And this is the pyramid of the sun, with, straight ahead, the Avenue of the Dead. This avenue is 2 miles long, lined with temples either side.

I walked the length of the avenue and back. This whole city is huge, one of the largest I have visited, certainly it has the largest number of restored sites. Although, sadly, there has been an enormous amount of restoration work, almost all that you can readily see is restoration. On all the sites I have visited, the sections that are restored are clearly marked, so you can see what is original, and what is not. Here there is some original sections that have been excavated and you can see how steps etc were all covered with stucco.

This is some original painting.

Here you can see restoration work, to the top right, above the painting, the mortar between the large building stones has small stones inset, this is to show it as restoration.

Walking up and down the avenue took time, by the time I got to the museum they told me it was closed. Drat!

I have a camp site listed in the town and decided to stay there. I found it, the gate looked pretty well closed, so I drove on the next gate, that was even more firmly shut. So I drove round the block to hammer on the first gate, to see if there was anyone there. Just before the campsite there was a car park, 5 pesos. While driving round the block I thought I would ask if I could park there for the night. Sure I was told, no problem, but we lock the gate at 10 pm. That's OK with me! While talking to the car park man a bunch of kids walked up, could they film an interview with me for school! Sure, so we struggled through an interview in English.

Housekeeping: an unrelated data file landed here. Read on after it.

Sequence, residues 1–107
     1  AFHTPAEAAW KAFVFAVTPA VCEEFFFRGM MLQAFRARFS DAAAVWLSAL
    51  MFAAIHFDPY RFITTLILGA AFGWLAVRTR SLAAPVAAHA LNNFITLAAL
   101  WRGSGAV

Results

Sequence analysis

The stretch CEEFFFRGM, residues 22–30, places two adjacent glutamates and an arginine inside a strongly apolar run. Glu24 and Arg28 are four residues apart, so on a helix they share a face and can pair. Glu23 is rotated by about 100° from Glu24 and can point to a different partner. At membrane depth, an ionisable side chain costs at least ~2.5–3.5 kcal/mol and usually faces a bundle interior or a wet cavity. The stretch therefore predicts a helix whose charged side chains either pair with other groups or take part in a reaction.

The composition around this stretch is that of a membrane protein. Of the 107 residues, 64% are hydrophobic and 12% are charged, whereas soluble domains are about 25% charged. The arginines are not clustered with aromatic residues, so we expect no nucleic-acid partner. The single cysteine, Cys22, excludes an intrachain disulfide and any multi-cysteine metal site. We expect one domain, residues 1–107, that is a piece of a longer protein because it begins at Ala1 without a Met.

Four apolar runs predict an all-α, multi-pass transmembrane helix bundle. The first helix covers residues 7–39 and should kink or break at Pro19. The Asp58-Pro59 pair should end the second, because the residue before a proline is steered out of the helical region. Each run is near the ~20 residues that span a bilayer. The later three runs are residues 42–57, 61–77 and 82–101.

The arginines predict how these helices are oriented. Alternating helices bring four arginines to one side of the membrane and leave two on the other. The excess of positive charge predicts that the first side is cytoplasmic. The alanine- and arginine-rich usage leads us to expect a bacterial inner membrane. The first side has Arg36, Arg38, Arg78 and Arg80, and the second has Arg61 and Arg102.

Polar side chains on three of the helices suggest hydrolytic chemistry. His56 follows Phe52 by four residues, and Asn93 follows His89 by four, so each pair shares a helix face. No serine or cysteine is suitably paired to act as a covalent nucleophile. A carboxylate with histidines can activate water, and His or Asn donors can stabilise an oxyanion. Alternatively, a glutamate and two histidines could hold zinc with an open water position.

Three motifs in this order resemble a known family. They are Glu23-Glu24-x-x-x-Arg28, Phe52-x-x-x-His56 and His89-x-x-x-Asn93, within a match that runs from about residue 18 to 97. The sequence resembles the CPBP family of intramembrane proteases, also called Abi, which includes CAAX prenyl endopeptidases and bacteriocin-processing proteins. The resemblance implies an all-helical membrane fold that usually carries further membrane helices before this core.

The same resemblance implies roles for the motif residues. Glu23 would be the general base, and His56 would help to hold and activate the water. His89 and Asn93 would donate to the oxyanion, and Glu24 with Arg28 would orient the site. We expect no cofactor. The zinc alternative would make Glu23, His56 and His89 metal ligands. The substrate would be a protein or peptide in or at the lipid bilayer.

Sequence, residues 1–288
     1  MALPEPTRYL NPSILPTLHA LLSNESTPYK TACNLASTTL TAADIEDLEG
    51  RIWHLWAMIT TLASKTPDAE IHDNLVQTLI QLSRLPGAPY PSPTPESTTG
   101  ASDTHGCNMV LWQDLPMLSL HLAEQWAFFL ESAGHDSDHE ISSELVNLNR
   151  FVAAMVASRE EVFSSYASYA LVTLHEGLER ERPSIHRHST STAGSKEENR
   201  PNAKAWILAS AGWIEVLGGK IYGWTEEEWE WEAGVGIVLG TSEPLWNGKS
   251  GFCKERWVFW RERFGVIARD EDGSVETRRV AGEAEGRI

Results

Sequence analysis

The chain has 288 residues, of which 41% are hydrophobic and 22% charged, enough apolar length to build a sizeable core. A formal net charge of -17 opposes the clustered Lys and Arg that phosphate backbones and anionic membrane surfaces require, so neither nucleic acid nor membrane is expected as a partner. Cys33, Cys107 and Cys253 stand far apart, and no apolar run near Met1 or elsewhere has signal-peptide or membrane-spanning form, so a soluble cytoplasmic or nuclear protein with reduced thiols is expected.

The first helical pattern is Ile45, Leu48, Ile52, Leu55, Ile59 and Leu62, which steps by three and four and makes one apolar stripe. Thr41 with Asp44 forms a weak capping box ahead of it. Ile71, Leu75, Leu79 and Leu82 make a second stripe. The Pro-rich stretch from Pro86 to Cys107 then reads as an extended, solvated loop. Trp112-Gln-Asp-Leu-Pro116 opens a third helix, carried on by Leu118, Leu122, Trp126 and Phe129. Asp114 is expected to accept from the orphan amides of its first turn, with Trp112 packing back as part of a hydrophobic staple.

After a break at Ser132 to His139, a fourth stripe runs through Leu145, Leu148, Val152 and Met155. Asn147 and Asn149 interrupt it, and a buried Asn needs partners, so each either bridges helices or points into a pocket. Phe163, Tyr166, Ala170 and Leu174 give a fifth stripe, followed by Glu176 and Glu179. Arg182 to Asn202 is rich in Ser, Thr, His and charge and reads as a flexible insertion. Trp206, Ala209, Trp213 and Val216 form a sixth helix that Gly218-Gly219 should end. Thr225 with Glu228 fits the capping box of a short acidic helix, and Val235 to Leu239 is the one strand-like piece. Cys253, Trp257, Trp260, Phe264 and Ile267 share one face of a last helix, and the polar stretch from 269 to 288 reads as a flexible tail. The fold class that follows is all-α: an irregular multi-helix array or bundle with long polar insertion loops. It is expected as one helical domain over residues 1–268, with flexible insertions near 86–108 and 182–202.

I plan to visit the Anthropological Museum in Mexico City tomorrow but am a bit apprehensive about driving there. I have heard and read too many reports of police there demanding money. I have read in guide books that $50 is often demanded, under threat of delaying you on some trumped up charge. Another book says you will always be stopped. I have been told, whilst I have been in Mexico, that the figure is now $200 and they don't care if you just paid $200 to another policeman. I have been told that one Mexican national, driving an American car, is stopped so often now he just stops in the middle of the highway and the police give up because they daren't get out of their cars in the traffic. I was stopped myself on the way down, on the outskirts of Mexico city, for no reason whatsoever, by policemen who didn't speak English. They borrowed my dictionary and pointed to the word "prison" but when I obviously had no idea what they were talking about, they gave up. I was asked for, and paid, a bribe in Cancun, but I am not complaining about that too much, I did shoot some traffic lights albeit inadvertently. That is about the only thing I have against Mexico, the crooked policemen in the major cities, looking to scam foreign tourists in foreign registered cars. What a shame that it should be police, usually so helpful, that are the problem.

Best regards

David Barker